Responding to Children’s Questions During the COVID-19 Pandemic

Responding to Children’s Questions During the COVID-19 Pandemic

Education September 14, 2020 / By Joanne Foster, EdD
Responding to Children’s Questions During the COVID-19 Pandemic

Children’s questions are important—it’s how they learn to make sense of the world. Responding can be as challenging as the times… (And these are challenging times!) Here are 10 tips for parents.

“I am just a child who has never grown up. I still keep asking these ‘how’ and ‘why’ questions. Occasionally, I find an answer.” ~ Stephen Hawking

Children learn by observing, listening, playing, exploring, and asking questions. Indeed, the COVID-19 pandemic is fueling children’s questions—lots of them –and rightly so. Kids may be feeling confused, vulnerable, and frightened. The entire world is dealing with a serious situation, and children who recognize the gravity of this have concerns relating to unpredictability, changes, schooling, controversies, safety protocols, and even mortality. How can parents encourage inquiry, and also respond to their child’s questions in ways that are honest, informative, reassuring, and age-appropriate?


“There is frequently more to be learned from the unexpected questions of a child than the discourses of men.” ~ Philosopher John Locke
  1. ENCOURAGE BASIC INQUIRY PROCESSES. Asking questions —and, just as importantly seeking and discovering answers—can increase knowledge and spark creativity. What exactly does the child want to find out? Help young children kids learn to formulate basic who, what, where, when, why, and how questions. Older children can learn to ask more strategic questions by applying what they already know, by paying attention to what others ask, and by taking a few seconds to pause and think things through before communicating.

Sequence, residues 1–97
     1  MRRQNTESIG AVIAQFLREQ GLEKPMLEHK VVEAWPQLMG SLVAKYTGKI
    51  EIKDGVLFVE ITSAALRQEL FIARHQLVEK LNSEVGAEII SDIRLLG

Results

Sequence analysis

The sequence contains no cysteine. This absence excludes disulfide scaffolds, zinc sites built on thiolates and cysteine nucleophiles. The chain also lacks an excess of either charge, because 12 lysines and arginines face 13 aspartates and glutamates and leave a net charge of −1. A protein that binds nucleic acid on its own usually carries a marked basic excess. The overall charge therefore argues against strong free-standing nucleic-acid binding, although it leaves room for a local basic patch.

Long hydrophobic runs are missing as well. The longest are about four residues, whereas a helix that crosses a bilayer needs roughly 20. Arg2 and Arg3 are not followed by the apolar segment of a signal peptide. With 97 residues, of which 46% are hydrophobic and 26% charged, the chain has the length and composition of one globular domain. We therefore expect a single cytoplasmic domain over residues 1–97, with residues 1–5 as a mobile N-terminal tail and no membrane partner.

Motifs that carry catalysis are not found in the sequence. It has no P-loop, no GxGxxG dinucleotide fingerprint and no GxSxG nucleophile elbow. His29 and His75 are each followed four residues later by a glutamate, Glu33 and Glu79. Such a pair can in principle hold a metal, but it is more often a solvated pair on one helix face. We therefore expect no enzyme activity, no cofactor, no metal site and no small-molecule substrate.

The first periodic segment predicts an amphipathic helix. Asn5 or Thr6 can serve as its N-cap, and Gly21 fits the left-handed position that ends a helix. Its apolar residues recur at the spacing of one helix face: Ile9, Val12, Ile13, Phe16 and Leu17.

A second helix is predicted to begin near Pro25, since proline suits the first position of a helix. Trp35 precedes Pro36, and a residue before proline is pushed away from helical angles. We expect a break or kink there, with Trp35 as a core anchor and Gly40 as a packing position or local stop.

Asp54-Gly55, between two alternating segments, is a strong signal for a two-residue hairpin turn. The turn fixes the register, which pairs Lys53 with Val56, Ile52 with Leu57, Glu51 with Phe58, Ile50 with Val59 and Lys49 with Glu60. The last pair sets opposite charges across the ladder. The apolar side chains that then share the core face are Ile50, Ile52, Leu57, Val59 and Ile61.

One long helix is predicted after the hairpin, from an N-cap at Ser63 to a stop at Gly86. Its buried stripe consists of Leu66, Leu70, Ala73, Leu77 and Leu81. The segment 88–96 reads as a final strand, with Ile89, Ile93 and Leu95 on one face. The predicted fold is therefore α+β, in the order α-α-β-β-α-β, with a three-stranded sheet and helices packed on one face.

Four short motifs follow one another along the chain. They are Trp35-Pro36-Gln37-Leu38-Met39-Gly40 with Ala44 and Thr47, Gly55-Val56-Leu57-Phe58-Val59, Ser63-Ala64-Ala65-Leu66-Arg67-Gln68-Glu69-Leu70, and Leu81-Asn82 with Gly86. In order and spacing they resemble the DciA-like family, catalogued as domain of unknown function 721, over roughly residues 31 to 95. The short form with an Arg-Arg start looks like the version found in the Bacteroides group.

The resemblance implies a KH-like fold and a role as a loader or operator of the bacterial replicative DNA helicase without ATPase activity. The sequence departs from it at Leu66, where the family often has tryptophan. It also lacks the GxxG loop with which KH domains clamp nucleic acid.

2. INQUIRY COMES IN DIFFERENT FORMS. Children may ask many questions, or a few, or perhaps just one. Questions might be spontaneous, carefully considered, surprisingly intuitive, delicate, unconventional, hesitant, or naive… They all merit attention. It helps if adults are as informed as possible. (Even so, and especially in tumultuous times, answers are not necessarily easily acquired.)
  3. BE RESOURCEFUL. The current reality is unprecedented. The future is unknown. In some circumstances, parents cannot answer questions as accurately as they might like. It’s okay—and honest—to say so when that’s the case. View it as an opportunity to be resourceful and to discover information together.
  4. START FROM WHAT’S KNOWN. Help children build understandings from their acquired knowledge bases—that is, what they can see, already do, and have previously experienced. Remember, children are in the process of learning, and that takes time. Use familiar words. Respond in ways that are aligned with their levels of comprehension.
  5. CLARIFY. If parents don’t understand the gist of a child’s question, it makes sense to ask. Parents can repeat it or rephrase the inquiry in order to indicate the child’s intent as it is being understood—just to be sure, and so as to answer it both honestly and appropriately.
  6. NOT ALL ANSWERS HAVE TO BE INSTRUCTIVE. When offering a response to a question, assess the mood and the dynamic. Answers can be fulsome if need be. Or, they can be quick and easy—albeit not frivolous or dismissive. Children seeking answers deserve to have their inquiry respected.